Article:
Like a large elephant “conditioned” by a rope from a tender age, humans also tend to be confined by experiences of the past.

The importance of boundaries
Boundaries, however, are important. For example, railings with meshed wire around the veranda are necessary if there is a toddler playing around there. He could crawl off the edge and injure himself. Speed limits on the road are set as ‘boundaries’ so motorists don’t go speeding off the road to their deaths. Prescription medicines should be taken within the required dosages given by the doctors, and traffic lights must be obeyed for all to be safe! These are boundaries of sorts and are necessary in helping us stay safe. However, there are negative boundaries too which are detrimental to our lives. These are what we discussed earlier and they are the cause of many people remaining in a mediocre state without walking into the destiny God has set for them! What are some things one can do to break from the ‘rope’ and move forward into a new destiny? There is a story in the Old Testament that illustrates this so well. In fact, it is a prayer that was uttered by one who too felt so ‘roped’ in by his circumstances at birth. His prayer and its subsequent answer carries wonderful lessons for us to follow.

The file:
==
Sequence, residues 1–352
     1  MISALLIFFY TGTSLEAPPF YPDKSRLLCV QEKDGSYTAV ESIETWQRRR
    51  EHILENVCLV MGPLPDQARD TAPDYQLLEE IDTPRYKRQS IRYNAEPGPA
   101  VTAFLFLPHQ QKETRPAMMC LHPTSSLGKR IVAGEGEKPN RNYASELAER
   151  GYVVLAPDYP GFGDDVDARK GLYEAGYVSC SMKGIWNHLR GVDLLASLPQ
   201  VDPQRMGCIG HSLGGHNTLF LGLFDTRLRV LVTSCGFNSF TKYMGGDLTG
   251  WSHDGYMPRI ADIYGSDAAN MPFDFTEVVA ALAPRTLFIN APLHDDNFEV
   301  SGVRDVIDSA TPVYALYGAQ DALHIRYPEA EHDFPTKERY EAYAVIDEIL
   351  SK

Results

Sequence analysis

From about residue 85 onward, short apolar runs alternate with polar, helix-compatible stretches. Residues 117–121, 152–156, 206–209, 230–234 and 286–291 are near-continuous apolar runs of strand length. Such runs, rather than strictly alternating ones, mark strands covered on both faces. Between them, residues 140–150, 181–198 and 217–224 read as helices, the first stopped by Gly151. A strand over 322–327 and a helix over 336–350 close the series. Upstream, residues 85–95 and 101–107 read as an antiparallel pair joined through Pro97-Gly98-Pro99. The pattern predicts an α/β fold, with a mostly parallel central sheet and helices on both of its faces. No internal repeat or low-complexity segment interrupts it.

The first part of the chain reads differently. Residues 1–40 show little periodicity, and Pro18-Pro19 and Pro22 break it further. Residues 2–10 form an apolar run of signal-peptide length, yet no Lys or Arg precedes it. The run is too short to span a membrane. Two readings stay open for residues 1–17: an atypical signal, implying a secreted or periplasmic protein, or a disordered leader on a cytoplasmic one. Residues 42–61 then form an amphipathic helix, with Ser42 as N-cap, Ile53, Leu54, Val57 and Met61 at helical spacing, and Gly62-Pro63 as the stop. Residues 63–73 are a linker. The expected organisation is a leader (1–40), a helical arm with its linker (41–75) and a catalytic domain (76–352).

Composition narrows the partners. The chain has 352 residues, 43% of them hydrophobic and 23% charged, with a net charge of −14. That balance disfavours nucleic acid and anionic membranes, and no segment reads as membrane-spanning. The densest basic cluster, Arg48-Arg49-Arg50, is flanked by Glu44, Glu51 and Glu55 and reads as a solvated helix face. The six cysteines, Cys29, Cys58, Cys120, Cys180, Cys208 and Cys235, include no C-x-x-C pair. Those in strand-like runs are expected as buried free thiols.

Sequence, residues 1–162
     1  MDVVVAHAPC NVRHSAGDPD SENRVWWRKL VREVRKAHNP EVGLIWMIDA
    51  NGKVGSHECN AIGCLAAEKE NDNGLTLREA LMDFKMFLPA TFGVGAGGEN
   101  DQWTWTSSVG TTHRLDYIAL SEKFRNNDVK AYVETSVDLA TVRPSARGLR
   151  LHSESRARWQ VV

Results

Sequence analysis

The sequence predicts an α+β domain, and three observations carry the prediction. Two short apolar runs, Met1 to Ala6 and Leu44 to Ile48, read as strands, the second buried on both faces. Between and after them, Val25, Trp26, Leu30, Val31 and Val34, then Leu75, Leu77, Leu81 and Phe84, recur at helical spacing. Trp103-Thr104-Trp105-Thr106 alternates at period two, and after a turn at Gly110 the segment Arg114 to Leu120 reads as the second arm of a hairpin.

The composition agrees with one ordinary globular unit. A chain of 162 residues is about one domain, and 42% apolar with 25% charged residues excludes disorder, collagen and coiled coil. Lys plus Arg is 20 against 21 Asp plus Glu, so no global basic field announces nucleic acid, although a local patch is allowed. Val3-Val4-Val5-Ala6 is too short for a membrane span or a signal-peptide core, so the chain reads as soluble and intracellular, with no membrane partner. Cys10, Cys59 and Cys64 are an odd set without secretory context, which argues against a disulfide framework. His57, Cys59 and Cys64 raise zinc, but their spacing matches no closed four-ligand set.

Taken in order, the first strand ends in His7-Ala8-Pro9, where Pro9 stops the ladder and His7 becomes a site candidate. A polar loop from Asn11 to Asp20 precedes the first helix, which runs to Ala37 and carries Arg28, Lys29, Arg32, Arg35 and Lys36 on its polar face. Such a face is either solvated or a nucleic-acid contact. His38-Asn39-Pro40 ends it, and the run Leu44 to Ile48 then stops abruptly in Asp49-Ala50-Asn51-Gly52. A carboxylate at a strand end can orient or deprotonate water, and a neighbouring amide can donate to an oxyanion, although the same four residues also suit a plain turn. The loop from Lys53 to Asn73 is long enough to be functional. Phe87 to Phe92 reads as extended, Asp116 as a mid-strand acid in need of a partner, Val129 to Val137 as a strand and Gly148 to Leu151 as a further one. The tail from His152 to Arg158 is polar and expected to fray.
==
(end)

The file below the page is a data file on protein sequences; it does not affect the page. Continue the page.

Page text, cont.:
Jabez’ prayer of faith